Pope_Benedictus_XVIIn a little while we shall sing in the antiphon to the MagnificatThe Lord has drawn us to his heart—Suscepit nos Dominus in sinum et cor suum”.  

God’s heart, as the expression of his will, is spoken of twenty-six times in the Old Testament.

Before God’s heart men and women stand judged.  His heartfelt pain at sins of mankind makes God decide on the flood, but then he is touched by the sight of human weakness and offers his forgiveness.

Yet another passage of the Old Testament speaks of God’s heart with absolute clarity: it is in the eleventh chapter of the book of the Prophet Hosea, whose opening lines portray the Lord’s love for Israel at the dawn of its history: “When Israel was a child, I loved him, and out of Egypt I called my son” (Hosea 11:1).

Israel, however, responds to God’s constant offer of love with indifference and even outright ingratitude. “The more I called them”, the Lord is forced to admit, “the more they went from me” (v. 2).

Even so, he never abandons Israel to the power of its enemies, because “my heart”—the the Creator of the universe observes—”recoils within me, my compassion grows warm and tender” (v. 8).

The heart of God burns with compassion!  On today’s solemnity of the Sacred Heart of Jesus the Church presents us this mystery for our contemplation: the mystery of the heart of a God who feels compassion and who bestows all his love upon humanity.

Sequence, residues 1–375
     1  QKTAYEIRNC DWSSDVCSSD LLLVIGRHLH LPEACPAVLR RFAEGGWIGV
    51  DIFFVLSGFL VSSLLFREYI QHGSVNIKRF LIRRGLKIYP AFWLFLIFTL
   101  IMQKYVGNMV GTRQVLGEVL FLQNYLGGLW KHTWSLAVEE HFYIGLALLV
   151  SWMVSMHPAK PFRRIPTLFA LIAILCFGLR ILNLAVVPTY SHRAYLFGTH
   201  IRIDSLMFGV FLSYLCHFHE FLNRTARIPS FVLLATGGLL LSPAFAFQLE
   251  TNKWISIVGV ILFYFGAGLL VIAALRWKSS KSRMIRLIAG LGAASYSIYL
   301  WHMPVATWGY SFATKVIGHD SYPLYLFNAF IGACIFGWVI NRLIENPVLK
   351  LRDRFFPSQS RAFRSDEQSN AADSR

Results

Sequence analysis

A mysterious love, which in the texts of the New Testament is revealed to us as God’s boundless and passionate love for mankind.

God does not lose heart in the face of ingratitude or rejection by the people he has chosen; rather, with infinite mercy he sends his only-begotten Son into the world to take upon himself the fate of a shattered love, so that by defeating the power of evil and death he could restore to human beings enslaved by sin their dignity as sons and daughters.

But this took place at great cost—the only-begotten Son of the Father was sacrificed on the Cross: “Having loved his own who were in the world, he loved them to the end” (cf. John 13:1).

The symbol of this love which transcends death is his side, pierced by a spear.  The Apostle John, an eyewitness, tells us: “one of the soldiers pierced his side with a spear, and at once there came out blood and water” (cf. Jn 19:34).

Benedict XVI (b. 1927): Homily on the Solemnity of the sacred Heart of Jesus, 2009.

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